You have a global perspective and run global businesses. Is the U.S. still the leader in innovation and entrepreneurship?

It is very important to define what America’s edge actually is. Our edge is freedom – the freedom to pursue opportunity, to go left when everyone else is going right and to not be ostracized because of it – to fail, get up and chase opportunity all over again.

When immigrants come here, the thing they’re most overwhelmed by is the opportunity – not that anyone is going to give them anything. They love that they can stake out a direction, pursue it and succeed. And if they fail, that is acceptable within our society, and they can start again. We’re the only country in the world that has Chapter 11. In England, if you go broke, you’re liquidated; same in Canada.

My father talked about the fact that the streets in this country were paved with gold. What he was saying was that, as opposed to other parts of the world, there is unlimited opportunity here.

Unlimited opportunity coupled with the rule of law will keep the U.S. in a leadership position. China is doing incredibly well, but in China there are limits to what one can do. I think, in many cases, they are seeing the impact of these limits now. Think about the thought process behind the one-child policy. Effectively, it wasn’t open to a lot of conversation. Somebody made the decision; it didn’t seem to be a problem and, then, all of a sudden, time caught up with them. Now, the largest country in the world has a ratio of older to younger, working-age people that is going to become extraordinarily burdensome and carry with it all kinds of other implications, none of which were thought about at the time someone made that decision.

Once a decision is made in that environment, it’s very hard to change it. In the U.S., we change our direction as often as we change our underwear.

When you’re searching for talent, are you looking at the resume or is it more about personality and drive?

The resume establishes a minimum skill level. I don’t have an interview with anyone whose resume doesn’t meet the standard bar. Then it’s a question of how motivated they are and how driven they are; those are the things that lead to success.

You have a structure that allows autonomy for your people, but you always know what is going on. How do you accomplish this?

I am always available. I’m the chairman of everything, and the CEO of nothing, so I don’t have a lot of direct reports and my door is always open. I have a steady stream of senior people in and out of my office all day long, touching base and looking for direction or guidance. Most of them have been with me for decades but, even if they haven’t, they quickly learn our rule of “no surprises.” That means keep me informed, operate with transparency, don’t take on big risks without checking in – and whatever you do, don’t cover up problems. Bring them to me early on and I’m confident we’ll be able to fix them.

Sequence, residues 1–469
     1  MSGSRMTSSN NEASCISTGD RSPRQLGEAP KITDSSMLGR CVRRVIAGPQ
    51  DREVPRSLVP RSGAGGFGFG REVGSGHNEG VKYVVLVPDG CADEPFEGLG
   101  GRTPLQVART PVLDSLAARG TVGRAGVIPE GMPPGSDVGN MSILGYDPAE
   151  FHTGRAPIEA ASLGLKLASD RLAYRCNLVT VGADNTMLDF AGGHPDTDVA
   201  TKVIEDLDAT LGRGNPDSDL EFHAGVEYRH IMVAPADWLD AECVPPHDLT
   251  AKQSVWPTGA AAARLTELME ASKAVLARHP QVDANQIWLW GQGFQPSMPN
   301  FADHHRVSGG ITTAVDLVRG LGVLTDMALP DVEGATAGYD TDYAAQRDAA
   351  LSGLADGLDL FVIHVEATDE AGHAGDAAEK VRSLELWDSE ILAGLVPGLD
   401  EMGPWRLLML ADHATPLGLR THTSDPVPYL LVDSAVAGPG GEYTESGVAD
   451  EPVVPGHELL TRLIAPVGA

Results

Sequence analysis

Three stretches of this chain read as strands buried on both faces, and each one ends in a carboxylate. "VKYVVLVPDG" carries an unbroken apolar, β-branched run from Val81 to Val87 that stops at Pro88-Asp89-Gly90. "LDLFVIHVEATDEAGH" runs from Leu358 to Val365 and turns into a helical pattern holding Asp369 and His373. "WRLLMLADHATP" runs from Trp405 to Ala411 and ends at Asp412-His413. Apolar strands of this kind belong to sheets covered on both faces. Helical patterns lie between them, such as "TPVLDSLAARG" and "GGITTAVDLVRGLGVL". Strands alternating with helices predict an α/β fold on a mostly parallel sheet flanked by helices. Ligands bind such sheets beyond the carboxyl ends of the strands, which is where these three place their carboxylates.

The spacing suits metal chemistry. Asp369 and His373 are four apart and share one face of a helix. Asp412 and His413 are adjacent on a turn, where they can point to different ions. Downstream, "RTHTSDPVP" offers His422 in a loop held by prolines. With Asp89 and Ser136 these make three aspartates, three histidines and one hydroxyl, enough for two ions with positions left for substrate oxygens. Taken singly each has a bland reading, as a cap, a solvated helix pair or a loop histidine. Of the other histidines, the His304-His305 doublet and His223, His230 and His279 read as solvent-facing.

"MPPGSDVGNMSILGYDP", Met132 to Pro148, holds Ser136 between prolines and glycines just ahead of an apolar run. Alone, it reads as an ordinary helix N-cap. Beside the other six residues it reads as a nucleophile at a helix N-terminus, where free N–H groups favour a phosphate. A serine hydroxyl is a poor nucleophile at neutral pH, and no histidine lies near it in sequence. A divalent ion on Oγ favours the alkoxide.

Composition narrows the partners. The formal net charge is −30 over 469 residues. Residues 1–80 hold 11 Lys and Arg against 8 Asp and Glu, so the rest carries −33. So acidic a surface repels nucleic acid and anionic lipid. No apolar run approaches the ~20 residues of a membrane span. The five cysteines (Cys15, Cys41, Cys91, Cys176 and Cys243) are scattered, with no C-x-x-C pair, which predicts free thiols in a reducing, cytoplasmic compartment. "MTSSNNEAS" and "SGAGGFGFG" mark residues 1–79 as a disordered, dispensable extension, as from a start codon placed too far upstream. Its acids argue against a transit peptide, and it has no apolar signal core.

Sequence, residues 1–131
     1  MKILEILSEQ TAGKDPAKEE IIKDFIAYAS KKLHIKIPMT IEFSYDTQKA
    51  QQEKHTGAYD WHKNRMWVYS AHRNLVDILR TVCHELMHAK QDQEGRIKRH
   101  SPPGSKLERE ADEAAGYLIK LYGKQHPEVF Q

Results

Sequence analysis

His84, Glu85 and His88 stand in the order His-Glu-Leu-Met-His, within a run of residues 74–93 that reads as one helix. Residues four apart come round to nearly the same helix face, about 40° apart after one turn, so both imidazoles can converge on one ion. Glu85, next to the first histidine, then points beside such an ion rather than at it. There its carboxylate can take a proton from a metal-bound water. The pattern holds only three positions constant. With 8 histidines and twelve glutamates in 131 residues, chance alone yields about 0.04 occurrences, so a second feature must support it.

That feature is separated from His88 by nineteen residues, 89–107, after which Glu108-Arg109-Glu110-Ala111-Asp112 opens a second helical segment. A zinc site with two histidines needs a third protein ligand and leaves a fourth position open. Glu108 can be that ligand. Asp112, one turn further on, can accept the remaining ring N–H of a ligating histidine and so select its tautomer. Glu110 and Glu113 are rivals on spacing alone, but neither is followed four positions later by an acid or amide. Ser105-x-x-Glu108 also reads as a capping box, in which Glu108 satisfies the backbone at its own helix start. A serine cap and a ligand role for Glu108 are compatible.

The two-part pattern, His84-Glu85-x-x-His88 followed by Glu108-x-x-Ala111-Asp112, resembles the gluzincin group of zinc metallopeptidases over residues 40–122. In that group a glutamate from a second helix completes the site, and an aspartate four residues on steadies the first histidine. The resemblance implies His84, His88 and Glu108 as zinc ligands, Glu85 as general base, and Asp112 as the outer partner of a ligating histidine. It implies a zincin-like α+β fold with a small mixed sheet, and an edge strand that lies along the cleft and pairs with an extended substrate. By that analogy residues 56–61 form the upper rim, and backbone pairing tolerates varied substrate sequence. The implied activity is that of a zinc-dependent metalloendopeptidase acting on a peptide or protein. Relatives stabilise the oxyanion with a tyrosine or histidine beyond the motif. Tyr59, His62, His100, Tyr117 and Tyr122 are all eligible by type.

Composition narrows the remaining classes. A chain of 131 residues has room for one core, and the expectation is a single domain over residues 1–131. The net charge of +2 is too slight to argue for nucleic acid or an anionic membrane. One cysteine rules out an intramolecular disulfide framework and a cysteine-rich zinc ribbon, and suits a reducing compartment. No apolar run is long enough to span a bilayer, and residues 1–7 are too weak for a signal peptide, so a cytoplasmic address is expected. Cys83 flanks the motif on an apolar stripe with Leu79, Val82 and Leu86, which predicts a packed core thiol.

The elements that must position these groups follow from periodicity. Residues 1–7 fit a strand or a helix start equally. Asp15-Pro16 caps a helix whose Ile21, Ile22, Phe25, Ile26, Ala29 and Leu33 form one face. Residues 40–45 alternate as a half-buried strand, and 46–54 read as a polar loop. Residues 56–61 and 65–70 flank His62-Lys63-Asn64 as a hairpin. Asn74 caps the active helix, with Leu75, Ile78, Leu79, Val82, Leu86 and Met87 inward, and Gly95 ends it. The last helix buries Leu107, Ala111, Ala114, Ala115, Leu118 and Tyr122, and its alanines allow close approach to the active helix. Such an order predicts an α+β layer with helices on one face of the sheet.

Although I delegate a lot of authority, I’m highly accessible – and that develops strong players. Someone who delegates authority but then closes his door makes their people a lot more uncertain and, therefore, they act more like managers than owners. I’ve always wanted owners.

It’s about much more than selecting the people; it’s about creating an environment that fosters a tribe-like culture, where you don’t develop enemies from within, and the internal sense of competition stays focused outside our walls.

The minute there is a lot of internal competition, information becomes currency and that is a formula for destruction.

How important is it for you that your philanthropic work leaves a lasting impact?

We now have almost 400 alumni from the Israeli program and 1,100 from the University of Michigan program. I don’t have to hit a very high percentage of winners from those programs to make a lasting difference. I like those numbers.

Do you take moments to appreciate what you have built and celebrate the wins?

There are times when I stop for a second and recognize that I have been lucky. So far, I’ve gotten to do almost everything I wanted to do. However, those are generally fleeting moments because there never is a stop to the challenges.

I could stop them by going to play golf, but why would I do that? My day-to-day is much more fun. Maybe as I get older, I will reduce the number of challenges I take on, but I doubt I will ever shift to a different personality.

How much of your success do you attribute to luck?

Depending on how I feel about myself on a given day, the percentage could range from 10 percent to 90 percent, and then an hour later it might be 60/40.

I don’t even really know what luck is. Is luck noticing there’s an oversupply and, therefore, potential opportunity in a certain industry? Is luck reading about changing legislation and seeing where it will cause disruption? I don’t know. I do know, at least in my business, luck must certainly be enhanced by a keen sense of awareness.